Can a Will be Contested?

Updated: Oct 12

Netflix produce dozens of shows about family feuds and in reality, YES, they do happen. The thing is, you cannot challenge or contest a Will simply because you do not like the outcome or because you believe that you deserve more, or less, although that is unlikely.

There are generally four reasons to contest a Will, and most of the time, it is very difficult to prove any of them. This means that you will likely spend a significant amount of money on legal, expert and court fees.

If you manage to prove that one of the four reasons does exist, the outcome is that the entire Will will be thrown out and the estate proceeds will be treated as though the decedent had never left a Will at all. It is worth considering if this is what you want to achieve before challenging a Will.

1. Formal validity
2. Mental capacity 
3. Fraud
4. Under the Influence

1. Formal validity

A problem with how the Will was written can lead to it being declared invalid. This is the most common reason why a Will may be found invalid. Writing of the Will includes how the Will was executed.

If the testator (person signing the Will) wrote their Will in accordance with applicable laws, there should not be any problem, but if one of the conditions as set out in the law was not respected, there could be issues around the validity of the Will.

For instance, the Will is likely to be invalid when the witnesses, where required, were not in the same room as the testator or did not see the testator actually sign the Will. Additionally, the witnesses or their spouse cannot be beneficiaries and that situation happens too frequently.

2. Mental capacity

One of the other commonly grounds to contest a Will is that the testator did not have testamentary capacity, sometimes called mental capacity. A screaming wife does not mean anything here.

Testamentary capacity does not require that the testator be 100% mentally healthy altogether. In certain states or countries, the standard is a bit lower. If the testator understood what his assets are, who his heirs and beneficiaries are and if he understood the effect of the Will, then he had the mental capacity to make the Will, which is something that even people in early stages of dementia can still fulfil.

The testimony of the witnesses to the execution of the Will becomes crucial in cases such as this, and still, they usually have no particular expertise on the subject matter. So, absent a doctor's visit or an adjudication of incapacity within days of the execution of the Will, lack of testamentary capacity is very difficult to prove.

3. Fraud

A Will procured by fraud is a Will that the testator is tricked into signing. For example, the testator might be presented with a document which is supposed to be a deed or a power of attorney, but turns out to be a Will, the Will was therefore obtained by fraud.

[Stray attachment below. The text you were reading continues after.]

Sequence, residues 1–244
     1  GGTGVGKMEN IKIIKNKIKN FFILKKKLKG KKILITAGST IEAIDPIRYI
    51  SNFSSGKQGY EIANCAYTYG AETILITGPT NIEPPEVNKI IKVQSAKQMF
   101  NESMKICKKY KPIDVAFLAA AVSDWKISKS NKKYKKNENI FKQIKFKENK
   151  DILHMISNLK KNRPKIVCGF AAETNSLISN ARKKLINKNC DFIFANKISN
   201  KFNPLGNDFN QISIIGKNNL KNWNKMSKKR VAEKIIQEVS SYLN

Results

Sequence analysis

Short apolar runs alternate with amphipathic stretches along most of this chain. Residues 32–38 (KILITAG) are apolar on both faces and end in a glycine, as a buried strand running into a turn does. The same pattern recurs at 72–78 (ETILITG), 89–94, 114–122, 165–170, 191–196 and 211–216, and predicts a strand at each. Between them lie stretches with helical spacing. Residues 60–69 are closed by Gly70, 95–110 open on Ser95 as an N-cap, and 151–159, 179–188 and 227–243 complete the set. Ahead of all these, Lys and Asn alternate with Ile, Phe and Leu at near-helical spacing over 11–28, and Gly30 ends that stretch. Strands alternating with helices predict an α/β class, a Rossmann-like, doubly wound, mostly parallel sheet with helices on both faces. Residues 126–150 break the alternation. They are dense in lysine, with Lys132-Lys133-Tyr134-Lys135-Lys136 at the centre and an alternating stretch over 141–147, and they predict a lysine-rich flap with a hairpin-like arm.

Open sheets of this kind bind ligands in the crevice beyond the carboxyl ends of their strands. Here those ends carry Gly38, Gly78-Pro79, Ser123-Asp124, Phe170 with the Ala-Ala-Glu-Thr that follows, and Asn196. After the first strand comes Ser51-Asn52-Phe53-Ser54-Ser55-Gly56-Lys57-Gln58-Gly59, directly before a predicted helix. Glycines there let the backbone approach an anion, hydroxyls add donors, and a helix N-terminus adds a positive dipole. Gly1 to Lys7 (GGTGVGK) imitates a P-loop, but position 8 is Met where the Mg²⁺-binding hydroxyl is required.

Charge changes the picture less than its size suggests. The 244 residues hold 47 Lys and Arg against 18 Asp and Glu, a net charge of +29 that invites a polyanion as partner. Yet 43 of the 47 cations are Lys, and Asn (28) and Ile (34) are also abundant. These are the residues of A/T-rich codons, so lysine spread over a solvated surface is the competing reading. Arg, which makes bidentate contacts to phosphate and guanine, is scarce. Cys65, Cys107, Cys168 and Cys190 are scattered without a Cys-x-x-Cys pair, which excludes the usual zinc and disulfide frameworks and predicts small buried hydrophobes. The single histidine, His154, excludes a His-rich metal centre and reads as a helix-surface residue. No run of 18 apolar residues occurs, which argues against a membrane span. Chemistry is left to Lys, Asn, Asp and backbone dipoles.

Fraud tends to go hand-in-hand with lack of testamentary capacity because most people would review the document, at least to some extent, before signing. But fraud is nonetheless a separate ground for contest.

The problem with proving that a Will was procured by fraud is that the testator can no longer be questioned about what he thought he was signing, obviously, and this is where country/state laws come into to play. For instance, witnesses may be asked what they thought the testator was signing.

The Will might be declared invalid if the testimony of the witnesses does not add up, but more likely because it wasn't signed properly, not necessarily because it was procured by fraud.

4. Under the Influence

A Will is also invalid if the testator was unduly influenced at the time of signing. A common example is the full-time caretaker who has taken complete control of all of an elderly parent’s day-to-day life and influenced them into agreeing to just about anything, including signing a Will in their favor.

Writing your Will is the very first step, and it’s an important one. But that’s not enough. In the digital age, the next step is to store your Will online. Otherwise, what happens if your person of confidence is not able to find your Will in a timely manner? liteWill is the only Will registration platform that is available globally and that provides the option to store your Will online. ‘A Will that is not online is like a Will that does not exist’.

This portion of the website is for information only. The statements and opinions are the expression of their author, not of liteWill, and have not been evaluated for accuracy, completeness or changes in the law. Information contained in this article is not a substitute for tax or legal advice.

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